New Papal Encyclical: Fratelli Tutti
Invoking again the writings of Saint Francis of Assisi, Pope Francis has published a new encyclical promoting universal fraternity among all human beings. ”[Saint] Francis felt himself a brother to the sun, the sea and the wind, yet he knew that he was even closer to those of his own flesh. Wherever he went, he sowed seeds of peace and walked alongside the poor, the abandoned, the infirm and the outcast, the least of his brothers and sisters.”
In a time when it seems that western civilization is regressing into former patterns of enmity and distrust and the divine order which eternal truth brings to the chaos of human history is obscured by the relativizing clamor of particularity—of persons, of economic and social self-interest—Fratelli Tutti is a reminder to all that beyond every contingent difference is the fact that we are all brothers and sisters, children of One God and Father.
Pope Francis offers an extended meditation on the Parable of the Good Samaritan to guide our reflection. This story is Christ’s answer to the question “What must I do to inherit eternal life.” The parable transcends customary conceptions of neighborliness and who has a claim to our charity. It is not just our blood relations, nor our religious confreres, nor our economic cartels, nor our fellow citizens who are the neighbors we should love as ourselves. The one who has the first and greatest claim on our love is the stranger in need. It is only in loving the stranger that charity finds its perfect expression. All other charity may otherwise be disguised mutual or self-interest.
The life of Saint Francis of Assisi is particularly illustrative of the Gospel imperative of charity. He lived in a time not unlike our own when continual warfare among the city-states of Italy had disrupted the social order and created great amounts of poor. Saint Francis himself risked his life to meet with the Sultan of Egypt to preach a Gospel of peace and brotherhood and not of warfare and subjugation.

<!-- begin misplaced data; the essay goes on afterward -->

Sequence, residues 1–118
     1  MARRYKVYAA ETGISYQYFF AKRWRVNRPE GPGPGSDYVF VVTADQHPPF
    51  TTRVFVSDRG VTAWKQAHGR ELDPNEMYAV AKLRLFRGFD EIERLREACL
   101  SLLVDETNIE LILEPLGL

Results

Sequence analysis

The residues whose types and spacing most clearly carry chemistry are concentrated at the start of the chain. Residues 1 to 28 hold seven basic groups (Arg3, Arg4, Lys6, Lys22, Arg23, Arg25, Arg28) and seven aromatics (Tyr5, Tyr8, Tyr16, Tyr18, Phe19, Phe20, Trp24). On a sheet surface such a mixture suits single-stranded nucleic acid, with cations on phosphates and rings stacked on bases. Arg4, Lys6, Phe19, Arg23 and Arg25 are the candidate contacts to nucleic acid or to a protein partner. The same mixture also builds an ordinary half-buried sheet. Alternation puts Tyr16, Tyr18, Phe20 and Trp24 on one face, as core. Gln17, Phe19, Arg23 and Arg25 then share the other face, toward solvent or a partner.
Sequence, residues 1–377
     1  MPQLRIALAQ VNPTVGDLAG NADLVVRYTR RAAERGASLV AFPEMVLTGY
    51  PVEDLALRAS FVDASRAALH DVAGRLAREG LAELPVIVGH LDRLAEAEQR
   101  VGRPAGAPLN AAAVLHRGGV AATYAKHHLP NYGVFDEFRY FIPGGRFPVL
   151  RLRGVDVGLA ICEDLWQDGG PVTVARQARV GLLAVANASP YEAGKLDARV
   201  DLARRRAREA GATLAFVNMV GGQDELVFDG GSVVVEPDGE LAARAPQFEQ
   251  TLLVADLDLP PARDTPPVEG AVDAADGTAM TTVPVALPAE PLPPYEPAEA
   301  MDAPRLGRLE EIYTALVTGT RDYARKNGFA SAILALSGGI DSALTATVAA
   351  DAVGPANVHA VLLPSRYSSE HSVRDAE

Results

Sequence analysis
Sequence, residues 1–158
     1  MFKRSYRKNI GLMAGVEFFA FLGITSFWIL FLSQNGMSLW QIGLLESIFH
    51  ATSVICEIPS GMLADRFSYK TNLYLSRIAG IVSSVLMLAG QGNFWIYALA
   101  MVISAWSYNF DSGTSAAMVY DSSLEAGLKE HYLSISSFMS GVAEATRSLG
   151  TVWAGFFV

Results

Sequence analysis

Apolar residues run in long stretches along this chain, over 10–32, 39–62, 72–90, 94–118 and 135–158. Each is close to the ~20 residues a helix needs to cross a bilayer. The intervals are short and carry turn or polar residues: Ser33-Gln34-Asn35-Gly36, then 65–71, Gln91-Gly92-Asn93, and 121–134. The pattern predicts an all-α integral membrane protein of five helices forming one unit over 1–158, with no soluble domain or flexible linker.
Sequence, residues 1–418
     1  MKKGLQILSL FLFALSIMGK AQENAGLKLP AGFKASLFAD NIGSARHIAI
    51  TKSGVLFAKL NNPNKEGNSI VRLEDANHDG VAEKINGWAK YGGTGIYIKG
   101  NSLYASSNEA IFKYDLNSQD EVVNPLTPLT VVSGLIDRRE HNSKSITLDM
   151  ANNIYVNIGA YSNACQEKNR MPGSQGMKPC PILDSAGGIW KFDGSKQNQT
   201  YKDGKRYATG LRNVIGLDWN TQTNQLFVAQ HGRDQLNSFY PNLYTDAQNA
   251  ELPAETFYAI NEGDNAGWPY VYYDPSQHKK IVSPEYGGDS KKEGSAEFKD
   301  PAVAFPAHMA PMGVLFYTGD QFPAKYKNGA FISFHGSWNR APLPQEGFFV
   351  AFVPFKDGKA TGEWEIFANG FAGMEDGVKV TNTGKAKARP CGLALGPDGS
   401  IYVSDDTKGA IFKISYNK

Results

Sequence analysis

I know within our minds the automatic response to such an impractical and lofty ideal is to say, “Yes, but…” The first step to conversion—a biblical word meaning the changing of one’s mind—is to ignore that impulse to reject and simply say, “yes”. There is no doubt that the priest saw the man beaten and lying in the ditch, “yes, but I have obligations to take care of.” And the Levi did the same, “Yes, but I must not tend to his wounds lest I too become impure.” It was the Samaritan, the hated enemy who truly fulfilled the dictates of the law and was moved with compassion for his brother.
I encourage everyone to read the full text of the encyclical which can be found on the Vatican’s website. Saint Francis is the perfect model for our times. We might be amazed at what he was able to accomplish in his short life and the inspiration he has provided for so many generations of Christians and non-Christians alike. But remember that what Saint Francis did was a result of who he was. His dramatic conversion from an impetuous, self-indulgent cad to a man filled with love and gratitude for God’s grace is a story we need to be reminded of. The change we wish to happen in the world must begin with a change in our own hearts, where the love of God casts out all fear and impels us to share that love with all our brothers and sisters of this world.